Teams win championships and individuals achieve personal bests! If South African Cycling dreams of ever bringing the rainbow stripes home or winning an Olympic medal, we have to encourage national unity.
The World Championship Road Race in the Netherlands last Saturday, 22 September, brought a close to my 2012 European cycling season. The tough circuit included the legendary Cauberg climb which suited me but the race didn’t go according to plan.
It was my second World Championship road race and even after two and a half seasons racing in Europe, it was my first experience racing in Holland. Racing in Holland has the reputation of being dangerous because of it’s technical narrow roads. The narrow roads make movement in the peloton rather tricky and all it takes is a little touch of wheels to take riders down. This year’s Worlds lived up to this exact reputation. On the second lap of 16km, a small touch of wheels took over half the peloton down.
Suddenly, I was underneath a mass pile of riders. I was stuck right in the middle of the crash and so was my bike. It took me a while to get my bike detangled but finally I escaped. Immediately, I set about chasing back to the front peloton. I was about a minute and a half behind so I was thankful to see my teammates, Robyn de Groot and An‐Li Pretorius, who helped pace me back. I am very grateful of their efforts!
After the crash my bike was not 100% and I had many problems with my gears – my gears were slipping and I really struggled to get onto my big blade at the top of every Cauberg climb. Not being able to drive over the top of the Cauberg really cost me, especailly on the final lap. I finished 12th on the day. Not exactly the result I was aiming for, but definitely an improvement on my 22nd place last year in Copenhagen.
2012 has been a big year with the London Olympic Games and one of the biggest lessons I’ve learnt this year, is that teams win championships and individuals achieve personal bests!
Marianne Vos, the winner of the Olympic and World Championship gold medals is incredibly talented and strong. She absolutely deserved the win on home ground, but although it sometimes appears that she does it all on her own, that is definitely not the case. She had superb team support on the day. Her team positioned her perfectly to be able to attack when she did and her teammate Anna van der Breggen was nothing short of amazing, strategically positioning herself in the early breakaway to assit her later on.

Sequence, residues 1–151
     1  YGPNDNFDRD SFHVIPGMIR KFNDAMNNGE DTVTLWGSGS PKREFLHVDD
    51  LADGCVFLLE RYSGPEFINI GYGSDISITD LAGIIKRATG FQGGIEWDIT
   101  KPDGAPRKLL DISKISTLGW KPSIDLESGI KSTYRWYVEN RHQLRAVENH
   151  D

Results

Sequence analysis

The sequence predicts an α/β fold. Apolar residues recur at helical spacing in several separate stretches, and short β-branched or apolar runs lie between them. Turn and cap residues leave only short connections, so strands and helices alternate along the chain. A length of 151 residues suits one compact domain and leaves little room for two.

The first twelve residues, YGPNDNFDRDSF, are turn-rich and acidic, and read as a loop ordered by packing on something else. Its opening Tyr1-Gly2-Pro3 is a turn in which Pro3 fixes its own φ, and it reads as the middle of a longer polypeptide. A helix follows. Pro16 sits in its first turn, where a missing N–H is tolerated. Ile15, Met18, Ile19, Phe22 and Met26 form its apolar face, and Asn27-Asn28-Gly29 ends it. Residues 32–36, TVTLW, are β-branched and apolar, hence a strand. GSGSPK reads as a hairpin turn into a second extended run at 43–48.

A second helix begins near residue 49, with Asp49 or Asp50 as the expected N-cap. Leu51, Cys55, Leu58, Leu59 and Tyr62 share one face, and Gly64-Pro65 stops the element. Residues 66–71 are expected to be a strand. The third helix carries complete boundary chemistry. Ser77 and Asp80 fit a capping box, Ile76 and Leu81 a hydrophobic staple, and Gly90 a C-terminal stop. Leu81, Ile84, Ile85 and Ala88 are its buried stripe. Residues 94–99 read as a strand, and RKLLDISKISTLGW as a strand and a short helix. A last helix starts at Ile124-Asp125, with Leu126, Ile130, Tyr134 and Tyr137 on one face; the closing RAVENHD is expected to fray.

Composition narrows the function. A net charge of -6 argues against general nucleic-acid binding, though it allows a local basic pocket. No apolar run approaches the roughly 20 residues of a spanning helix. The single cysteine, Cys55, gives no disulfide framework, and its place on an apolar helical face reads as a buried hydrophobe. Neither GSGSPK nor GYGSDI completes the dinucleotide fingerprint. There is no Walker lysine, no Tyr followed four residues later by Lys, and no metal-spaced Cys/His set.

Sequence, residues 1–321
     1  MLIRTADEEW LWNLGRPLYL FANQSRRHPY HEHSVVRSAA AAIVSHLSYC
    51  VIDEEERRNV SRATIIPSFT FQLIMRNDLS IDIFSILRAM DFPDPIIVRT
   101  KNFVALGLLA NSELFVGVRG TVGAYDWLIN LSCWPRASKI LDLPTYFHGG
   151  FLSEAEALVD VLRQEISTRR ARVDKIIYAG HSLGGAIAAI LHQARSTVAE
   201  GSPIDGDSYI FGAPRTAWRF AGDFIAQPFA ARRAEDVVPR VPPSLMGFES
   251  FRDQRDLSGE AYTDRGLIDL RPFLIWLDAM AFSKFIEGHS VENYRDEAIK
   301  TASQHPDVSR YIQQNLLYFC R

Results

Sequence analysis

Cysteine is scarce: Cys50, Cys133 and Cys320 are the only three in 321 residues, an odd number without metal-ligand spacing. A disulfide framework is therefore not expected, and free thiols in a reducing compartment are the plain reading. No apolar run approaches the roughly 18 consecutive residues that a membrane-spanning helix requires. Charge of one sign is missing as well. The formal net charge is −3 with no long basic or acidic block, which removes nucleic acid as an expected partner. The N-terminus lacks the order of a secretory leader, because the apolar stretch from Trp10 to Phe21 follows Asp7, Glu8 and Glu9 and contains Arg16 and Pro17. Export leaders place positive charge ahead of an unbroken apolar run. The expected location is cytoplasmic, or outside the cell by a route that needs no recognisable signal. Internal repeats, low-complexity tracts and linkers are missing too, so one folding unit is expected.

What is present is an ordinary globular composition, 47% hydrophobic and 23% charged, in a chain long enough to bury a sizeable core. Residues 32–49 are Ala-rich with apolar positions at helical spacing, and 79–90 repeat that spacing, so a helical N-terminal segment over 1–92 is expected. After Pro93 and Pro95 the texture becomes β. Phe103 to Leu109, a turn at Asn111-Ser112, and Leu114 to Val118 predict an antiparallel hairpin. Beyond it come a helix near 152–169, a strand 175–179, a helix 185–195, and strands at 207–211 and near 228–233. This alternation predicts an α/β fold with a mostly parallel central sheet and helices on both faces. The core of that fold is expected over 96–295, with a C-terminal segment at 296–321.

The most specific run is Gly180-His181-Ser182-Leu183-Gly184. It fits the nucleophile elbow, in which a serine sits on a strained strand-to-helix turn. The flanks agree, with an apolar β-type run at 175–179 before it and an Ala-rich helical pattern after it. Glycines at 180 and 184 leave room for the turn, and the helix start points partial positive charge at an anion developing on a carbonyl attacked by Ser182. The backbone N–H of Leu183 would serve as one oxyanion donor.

The thing about the Cauberg climb is that it came directly after a very fast descent on a wide, straight road. The fast descent into Valkenburg before the Cauberg naturally positioned the bigger girls at the front but, on hitting the climb, they often couldn’t hold their postion. Vos’s team had positioned her perfectly for the attack and when she went, I found myself blocked in and too far back at the time to even attempt to follow.
South Africa is still very much a developing cycling nation and I think we could learn from the Dutch team. Although we have made progress in leaps and bounds in the past few years, the Dutch represent how successful a cohesive and united team can be. Traditionally, a team goes through five stages of development:
- Forming: a group of people come together to accomplish a shared purpose.
- Storming: Disagreement about mission, vision, and approaches combined with the fact that team members are getting to know each other can cause strained relationships and conflict.
- Norming: The team has consciously or unconsciously formed working relationships that are enabling progress on the team’s objectives.
- Performing: Relationships, team processes, and the team’s effectiveness in working on its objectives are synching to bring about a successfully functioning team.
- Transforming: The team is performing so well that members believe it is the most successful team they have experienced.
I believe that South African women’s cycling is at present in the second stage of development. We are storming! We are at the point where we are testing our personal boundaries and trying to learn our own strengths and weaknesses as we race more extensively in Europe. It seems logical that the length of time necessary for progressing through these stages depends on the experience of the members, the support and leadership the team receives, the attitude of the members (their willingness to learn) and the knowledge and skill of the team members.
The above mentioned stages of team development form part of a natural progression and I’m confident that in the very near future South Africa will be in a position to start performing as a united front. In the meantime it is important that Cycling South Africa and sponsors continue to support and encourage individual riders to race in Europe to gain experience.
We have four years to the next Olympic Games, let’s make every second count!